50 Years of McLaren

The McLaren Group celebrates its 50th anniversary this year. Set up by New Zealander Bruce McLaren back in 1963, McLaren has gone on to become one of the most successful Formula 1 teams of all time with 12 drivers championships and 182 race victories recorded by drivers such as Ayrton Senna, James Hunt, Alain Prost and Lewis Hamilton. Not only has the team been successful in the motorsport arena, it has also become a major player in the sports car market - the 1992 McLaren F1 road car is still regarded by many motoring experts as one of the greatest road legal vehicles of all time.
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To mark the 50th anniversary of the Woking-based brand, we take a look at 5 of its greatest F1 cars:

McLaren Honda MP4-4

Races:  16 Wins: 15 Pole Positions: 15 Drivers Championships: 1 (Ayrton Senna, 1988) Constructors Championships:  1 (1988) 1987 was a disappointing year for McLaren, so for 1988, team boss Ron Dennis recruited legendary designer Gordon Murray, signed up Ayrton Senna to partner Alain Prost and also stole Honda engines from Williams. The result was the most successful season ever recorded by any team in the history of F1; with Prost and Senna winning 15 of the 16 races held in that year. The only blotch on their copybook occurred at Monza when Senna was knocked out of the lead while lapping a backmarker.

McLaren TAG (Porsche) MP4-2

Races: 48 Wins: 22 Pole Positions: 7 Drivers Championships: 3 (Niki Lauda, 1984; Alain Prost, 1985 & 1986) Constructors championships: 2 (1984 & 1985) After the 1976 triumph, McLaren went into a period of decline. The arrival of Ron Dennis in 1981 changed all of that, with Dennis recruiting designer John Barnard who created the first ever carbon fibre chassis in 1981. The next rabbit Dennis pulled out of the hat was in convincing Porsche to build a turbo F1 engine for the team with funding from the TAG group. All the pieces fell into place with Barnard’s second carbon fibre chassis in 1984, with Prost and Lauda sharing wins from 12 of the 16 races between them. The MP4-2 won every championship it entered, with Prost adding 1985 and 1986 driver’s championships to Lauda’s 1984 triumph.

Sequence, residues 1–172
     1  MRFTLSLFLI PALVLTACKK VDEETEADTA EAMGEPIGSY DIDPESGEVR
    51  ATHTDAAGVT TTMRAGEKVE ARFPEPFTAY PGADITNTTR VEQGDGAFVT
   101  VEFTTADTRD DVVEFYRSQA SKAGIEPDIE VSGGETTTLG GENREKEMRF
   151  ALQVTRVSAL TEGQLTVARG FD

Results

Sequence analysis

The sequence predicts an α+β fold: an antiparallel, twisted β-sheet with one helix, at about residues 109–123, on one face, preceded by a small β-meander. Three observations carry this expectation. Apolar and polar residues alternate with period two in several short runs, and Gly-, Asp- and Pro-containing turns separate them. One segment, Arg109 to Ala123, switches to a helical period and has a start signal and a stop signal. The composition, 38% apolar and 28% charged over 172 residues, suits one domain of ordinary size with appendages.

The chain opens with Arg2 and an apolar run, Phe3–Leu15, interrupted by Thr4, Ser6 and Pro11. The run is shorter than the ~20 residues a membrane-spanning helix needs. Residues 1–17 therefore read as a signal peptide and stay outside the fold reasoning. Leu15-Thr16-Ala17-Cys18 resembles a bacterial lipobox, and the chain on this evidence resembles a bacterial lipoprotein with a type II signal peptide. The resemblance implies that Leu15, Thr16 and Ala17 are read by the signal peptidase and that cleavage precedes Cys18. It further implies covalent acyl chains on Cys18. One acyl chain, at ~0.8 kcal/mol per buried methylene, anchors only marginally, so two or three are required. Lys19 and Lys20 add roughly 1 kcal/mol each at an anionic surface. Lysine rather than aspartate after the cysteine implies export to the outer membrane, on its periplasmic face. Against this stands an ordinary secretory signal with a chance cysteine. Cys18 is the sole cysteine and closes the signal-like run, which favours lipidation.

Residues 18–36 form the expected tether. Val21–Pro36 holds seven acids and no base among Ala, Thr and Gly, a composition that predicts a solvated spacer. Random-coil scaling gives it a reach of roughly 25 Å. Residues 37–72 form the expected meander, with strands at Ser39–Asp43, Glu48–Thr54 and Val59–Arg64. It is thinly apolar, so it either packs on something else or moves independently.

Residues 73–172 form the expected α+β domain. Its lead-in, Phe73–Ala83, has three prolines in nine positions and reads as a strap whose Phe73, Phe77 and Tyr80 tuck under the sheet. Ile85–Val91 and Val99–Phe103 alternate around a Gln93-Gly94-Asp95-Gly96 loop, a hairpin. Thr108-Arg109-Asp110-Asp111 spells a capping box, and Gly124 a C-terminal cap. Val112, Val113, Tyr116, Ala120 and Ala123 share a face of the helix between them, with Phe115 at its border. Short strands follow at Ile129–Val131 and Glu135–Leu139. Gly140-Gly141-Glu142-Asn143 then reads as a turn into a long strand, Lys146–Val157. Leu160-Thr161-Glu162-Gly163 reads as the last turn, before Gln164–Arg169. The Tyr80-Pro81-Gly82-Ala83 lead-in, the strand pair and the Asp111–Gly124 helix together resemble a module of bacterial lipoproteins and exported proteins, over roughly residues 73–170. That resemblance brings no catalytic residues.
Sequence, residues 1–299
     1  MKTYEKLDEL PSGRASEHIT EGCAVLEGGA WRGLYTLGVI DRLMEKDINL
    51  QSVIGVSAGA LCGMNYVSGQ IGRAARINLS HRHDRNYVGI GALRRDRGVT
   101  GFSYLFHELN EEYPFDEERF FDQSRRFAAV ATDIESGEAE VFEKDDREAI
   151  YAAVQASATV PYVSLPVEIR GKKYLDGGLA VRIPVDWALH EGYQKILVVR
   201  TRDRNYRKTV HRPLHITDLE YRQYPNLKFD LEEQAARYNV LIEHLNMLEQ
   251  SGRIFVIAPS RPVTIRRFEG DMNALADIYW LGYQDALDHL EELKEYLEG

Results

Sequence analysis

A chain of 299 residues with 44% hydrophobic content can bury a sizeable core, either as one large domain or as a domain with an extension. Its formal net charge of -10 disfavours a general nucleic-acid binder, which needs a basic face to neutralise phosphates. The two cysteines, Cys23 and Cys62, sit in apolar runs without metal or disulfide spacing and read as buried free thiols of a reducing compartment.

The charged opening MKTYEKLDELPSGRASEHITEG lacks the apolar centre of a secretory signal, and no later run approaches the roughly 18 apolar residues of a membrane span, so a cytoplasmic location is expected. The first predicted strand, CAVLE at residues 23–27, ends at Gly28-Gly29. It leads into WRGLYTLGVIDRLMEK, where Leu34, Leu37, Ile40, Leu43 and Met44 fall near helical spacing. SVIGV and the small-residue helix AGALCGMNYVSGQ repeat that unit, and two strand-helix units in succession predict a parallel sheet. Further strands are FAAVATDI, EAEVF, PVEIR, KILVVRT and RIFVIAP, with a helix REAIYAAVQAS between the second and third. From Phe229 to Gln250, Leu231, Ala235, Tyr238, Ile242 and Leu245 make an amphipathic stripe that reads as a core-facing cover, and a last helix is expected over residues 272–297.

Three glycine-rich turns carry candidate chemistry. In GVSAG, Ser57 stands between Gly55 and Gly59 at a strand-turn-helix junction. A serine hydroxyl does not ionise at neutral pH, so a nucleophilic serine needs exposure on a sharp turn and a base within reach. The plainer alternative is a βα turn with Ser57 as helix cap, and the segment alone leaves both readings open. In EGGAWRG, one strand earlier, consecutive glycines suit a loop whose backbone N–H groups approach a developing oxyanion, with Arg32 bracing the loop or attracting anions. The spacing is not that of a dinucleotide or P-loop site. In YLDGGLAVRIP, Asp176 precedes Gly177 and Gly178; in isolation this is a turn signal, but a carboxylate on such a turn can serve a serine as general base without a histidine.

McLaren Cosworth M23

Races:  83 Wins: 16 Pole Positions: 14 Drivers Championships: 2 (Emerson Fittipaldi, 1974; James Hunt, 1976) Constructors Championships:  1 (1974) The M23 was the car which really put McLaren on the map; helping Emerson Fittipaldi claim their first ever drivers’ championship in 1974 after a tense battle with Ferrari’s Clay Regazzoni. This would mark the beginning of the bitter McLaren/Ferrari rivalry which continues to this day. Despite a new 6 speed gearbox being added, there was nothing McLaren could do to stop Ferrari’s Niki Lauda cruising to the title in 1975 thanks to the Italian teams new 312T chassis. However, the Austrian’s terrible crash at the Nurburgring in 1976 gave McLaren’s James Hunt the chance to snatch the title at the final round in Japan.

McLaren Honda MP4-5

Races: 32 Wins: 16 Pole Positions: 27 Drivers Championships: 2 (Alain Prost, 1989; Ayrton Senna, 1990) Constructors Championships: 2 (1989 & 1990) Turbo engines were banned for 1989 and McLaren was forced to come up with a new car as a successor the ultra-successful MP4-4. Gordon Murray still managed to deliver the goods though with the MP4-5 which won 10 of the 16 races held in 1989. It would have been 11 wins if the rivalry between Prost and Senna had not culminated in the pair colliding in their battle for the championship at the penultimate round in Japan. The MP4-5 faced a more significant challenge in 1990 from a resurgent Ferrari team who had hired the disillusioned Prost at the end of the previous season. The pair again came to blows in Japan; this time being resolved in the Brazilians favour as McLaren took another championship

McLaren Mercedes MP4-13

Races: 16 Wins: 9 Pole Positions:  12 Drivers Championships: 1 (Mika Hakkinen, 1998) Constructors Championships:  1 (1998) The loss of Honda in 1992 and Senna in 1993 sent McLaren into another downward spiral. But Dennis once again helped the team return to the front by partnering with Mercedes-Benz and recruiting designer Adrian Newey from the then dominant Williams team. This resulted in the 1998 MP4-13 which helped the team win its first championship in 7 years. It started the season with a revolutionary third brake pedal which helped rotate the car in the corners. This was banned by the third event but McLaren still had a big enough advantage to hold off Ferrari’s Michael Schumacher and help Mika Hakkinen claim the first of two World Championships.

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